On 23 July 2019 the U.S. Department of the Treasury’s Office of Foreign Assets Control (the “OFAC”) issued the “Iran-Related Civil Aviation Industry Advisory” (the “Advisory”) to warn civil aviation industry of deceptive practices that Iran employs to obtain aircraft, aircraft parts or related services in circumvention of U.S. sanctions.
The Advisory reminds that both U.S. and non-U.S. persons in the civil aviation industry may face civil and criminal consequences for violation of OFAC’s sanctions programs. The targeted activities are mostly unauthorized transfers of U.S.-origin aircraft, related goods, technology or services to Iran. Non-U.S. persons may also themselves be designated on sanctions lists or become subject to other sanctions actions for unauthorized activities with Iranian sanctioned persons as well as for causing sanctions violations by a U.S. person or facilitating deceptive transactions on behalf of such Iranian sanctioned persons.
The Advisory highlights the deceptive practices that Iranian persons may seek to employ to evade U.S. sanctions, namely:
Front companies and other pass-through entities. Entities in third countries in Europe, the Middle East, Africa, and Asia are used to conceal or obfuscate the ultimate Iranian beneficiary of unauthorized aviation goods, technology or services.
Third-party suppliers. Suppliers in multiple jurisdictions in Europe, East Asia and the Middle East may deliver to Iran aircraft parts originating in North America and Europe. Suppliers that maintain offices in Teheran may also instruct Iranian airlines to remit payments to accounts in third countries.
Misrepresenting. Iranian persons may willfully misrepresent the Iran-related sanctions to suppliers, dealers, brokers, re-insurers and other intermediaries.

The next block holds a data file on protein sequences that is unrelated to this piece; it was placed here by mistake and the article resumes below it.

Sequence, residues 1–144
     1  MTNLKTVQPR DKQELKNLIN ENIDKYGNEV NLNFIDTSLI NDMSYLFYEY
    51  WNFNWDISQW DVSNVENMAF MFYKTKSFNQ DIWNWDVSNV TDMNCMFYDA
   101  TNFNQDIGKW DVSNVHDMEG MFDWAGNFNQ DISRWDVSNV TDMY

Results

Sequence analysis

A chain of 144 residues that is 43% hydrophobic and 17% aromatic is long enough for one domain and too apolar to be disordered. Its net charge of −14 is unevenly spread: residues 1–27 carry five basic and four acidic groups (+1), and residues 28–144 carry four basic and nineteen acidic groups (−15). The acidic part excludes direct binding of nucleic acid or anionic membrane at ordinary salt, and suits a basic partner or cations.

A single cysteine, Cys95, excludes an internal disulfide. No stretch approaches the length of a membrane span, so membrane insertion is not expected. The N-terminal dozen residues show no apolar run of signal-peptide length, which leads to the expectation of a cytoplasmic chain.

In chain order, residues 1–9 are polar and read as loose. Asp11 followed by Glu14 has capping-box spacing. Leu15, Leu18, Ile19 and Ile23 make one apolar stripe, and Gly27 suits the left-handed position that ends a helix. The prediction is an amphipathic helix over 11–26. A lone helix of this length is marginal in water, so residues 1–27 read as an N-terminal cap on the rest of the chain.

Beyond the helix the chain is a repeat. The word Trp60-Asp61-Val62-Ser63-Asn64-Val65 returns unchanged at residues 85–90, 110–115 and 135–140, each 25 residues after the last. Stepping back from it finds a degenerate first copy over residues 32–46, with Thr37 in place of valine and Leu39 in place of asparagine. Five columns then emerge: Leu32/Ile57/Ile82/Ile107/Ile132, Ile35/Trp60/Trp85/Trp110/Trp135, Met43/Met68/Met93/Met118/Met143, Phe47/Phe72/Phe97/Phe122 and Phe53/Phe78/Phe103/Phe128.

False authorization by OFAC. Iranian persons may claim their activities are authorized by OFAC without providing copies of any OFAC licenses.
Specific third countries. Iranian persons may source unauthorized aviation goods, technology or services from third countries known to have strong reputations for aircraft maintenance, repair and overhaul operations, but limited export control or sanctions enforcement capabilities.
General trading firms located in free trade zones. Such firms engage in although they do not ordinarily appear to deal in aviation goods or placing orders for U.S.-origin aircraft parts or components.
Complicated trading chains. Iranian persons place orders for U.S.-origin aircraft parts or components from firms in one country for delivery to freight forwarding or logistics firms in a second country.
Aviation market participants must therefore be particularly cautious when supplying products or services that might eventually end up in Iran. The Advisory also gives helpful insight into what OFAC considers deceptive practices in a broader sense which may be relevant for other sanctions programs, including those affecting Russia.